Several new books have appeared on content management in recent weeks. You may want to review all or some of them as part of your planning process.

The range of the topics covered in these books reflects the confusion over the term—content management. Some vendors and most IT managers think of content management strictly in terms of managing the content that goes onto a Web site. They focus on issues of deployment and are concerned about managing the change process so that content is not overwritten inadvertently. Other vendors and all content developers, including technical information development, think of content management in the content-development stages. The Web may be only one form of delivery to users.

Web Content Management: A Collaborative Approach
Russell Nakano
Addison-Wesley, September 2001

Nakano’s book is about Web content management. In fact, the author is one of the founders of Interwoven. He focuses on developing, managing, maintaining and deploying Web content solutions across the enterprise.

Information developers might want to read this book for its discussion of workflow and to understand some of the issues handled by the Web administrators in your organization. An interesting area for me is the discussion of work and staging areas. Staging areas enable you to verify content and links before the new content is deployed.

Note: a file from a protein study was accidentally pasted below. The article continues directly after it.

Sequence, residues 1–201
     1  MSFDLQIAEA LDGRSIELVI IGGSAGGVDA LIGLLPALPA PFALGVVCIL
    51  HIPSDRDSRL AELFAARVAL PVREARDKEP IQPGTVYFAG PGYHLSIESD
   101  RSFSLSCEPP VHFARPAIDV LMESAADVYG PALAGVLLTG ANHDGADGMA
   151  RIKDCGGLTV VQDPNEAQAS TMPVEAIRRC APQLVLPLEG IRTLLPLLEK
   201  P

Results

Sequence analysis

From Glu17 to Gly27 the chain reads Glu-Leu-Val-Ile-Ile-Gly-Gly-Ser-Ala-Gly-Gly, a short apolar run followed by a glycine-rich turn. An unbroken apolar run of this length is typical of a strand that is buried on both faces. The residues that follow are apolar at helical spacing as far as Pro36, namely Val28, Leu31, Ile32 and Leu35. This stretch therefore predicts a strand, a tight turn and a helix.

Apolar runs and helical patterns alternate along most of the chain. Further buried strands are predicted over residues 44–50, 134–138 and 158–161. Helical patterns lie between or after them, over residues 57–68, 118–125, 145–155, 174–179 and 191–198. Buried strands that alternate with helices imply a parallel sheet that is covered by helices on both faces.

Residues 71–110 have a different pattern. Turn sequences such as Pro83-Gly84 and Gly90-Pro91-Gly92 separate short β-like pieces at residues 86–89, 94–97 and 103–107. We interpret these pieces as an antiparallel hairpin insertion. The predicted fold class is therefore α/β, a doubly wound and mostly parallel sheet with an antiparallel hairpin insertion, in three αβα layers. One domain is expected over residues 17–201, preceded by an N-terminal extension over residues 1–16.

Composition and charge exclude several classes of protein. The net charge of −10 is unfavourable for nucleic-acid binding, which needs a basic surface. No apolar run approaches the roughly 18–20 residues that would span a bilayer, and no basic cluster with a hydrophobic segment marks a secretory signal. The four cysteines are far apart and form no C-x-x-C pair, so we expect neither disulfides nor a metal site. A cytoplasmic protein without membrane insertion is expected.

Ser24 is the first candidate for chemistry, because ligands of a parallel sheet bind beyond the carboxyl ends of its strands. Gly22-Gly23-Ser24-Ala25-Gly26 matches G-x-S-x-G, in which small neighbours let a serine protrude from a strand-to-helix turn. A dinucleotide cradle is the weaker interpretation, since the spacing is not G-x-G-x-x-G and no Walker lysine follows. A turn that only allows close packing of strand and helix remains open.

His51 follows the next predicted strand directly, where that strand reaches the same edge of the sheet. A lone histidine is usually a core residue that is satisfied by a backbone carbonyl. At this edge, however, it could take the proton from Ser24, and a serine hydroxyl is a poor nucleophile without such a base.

Content Management Bible
Bob Boiko
Hungry Minds, December 15, 2001

I just ordered a copy of this book, so I can’t comment much. A friend in the Seattle area mentioned this book to me about a month ago because he knows Boiko, who serves as a consultant for e-businesses. He’s interested in information architecture, metadata, and information systems design. His emphasis in this book appears to be about developing a comprehensive solution for content management for the enterprise.

Content Management for Dynamic Web Delivery
JoAnn Hackos
John Wiley & Sons, February 2002

Well—you can’t buy this one yet either. I just finished the final draft and handed it over to the production manager. I still have the index to create, but that doesn’t happen until the end of the month. My emphasis in this book is on the entire life cycle of developing a content-management solution. You’ll find a “how to…” focus, especially in terms of developing a strong Information Model before you buy any technology.

SGML: The Billion Dollar Secret
Chet Ensign
Prentice-Hall, 1997

Of course, this isn’t a new book. But—it’s virtually unknown in information development, perhaps because it’s topic is SGML. Don’t let that get in your way. This book is very good—full of detailed case studies about Grolier Encyclopedia, Sybase Technical Publications, Sikorsky Helicopters, Mobil Corporation, the Semiconductor Industry (lots of companies we know). You’ll find a wealth of information on cost savings and strategies. Sure it refers to SGML, but XML applies equally throughout. PG Bartlett, VP of Marketing at Arbortext, recommended Ensign’s book to me. Now, I recommend it to you.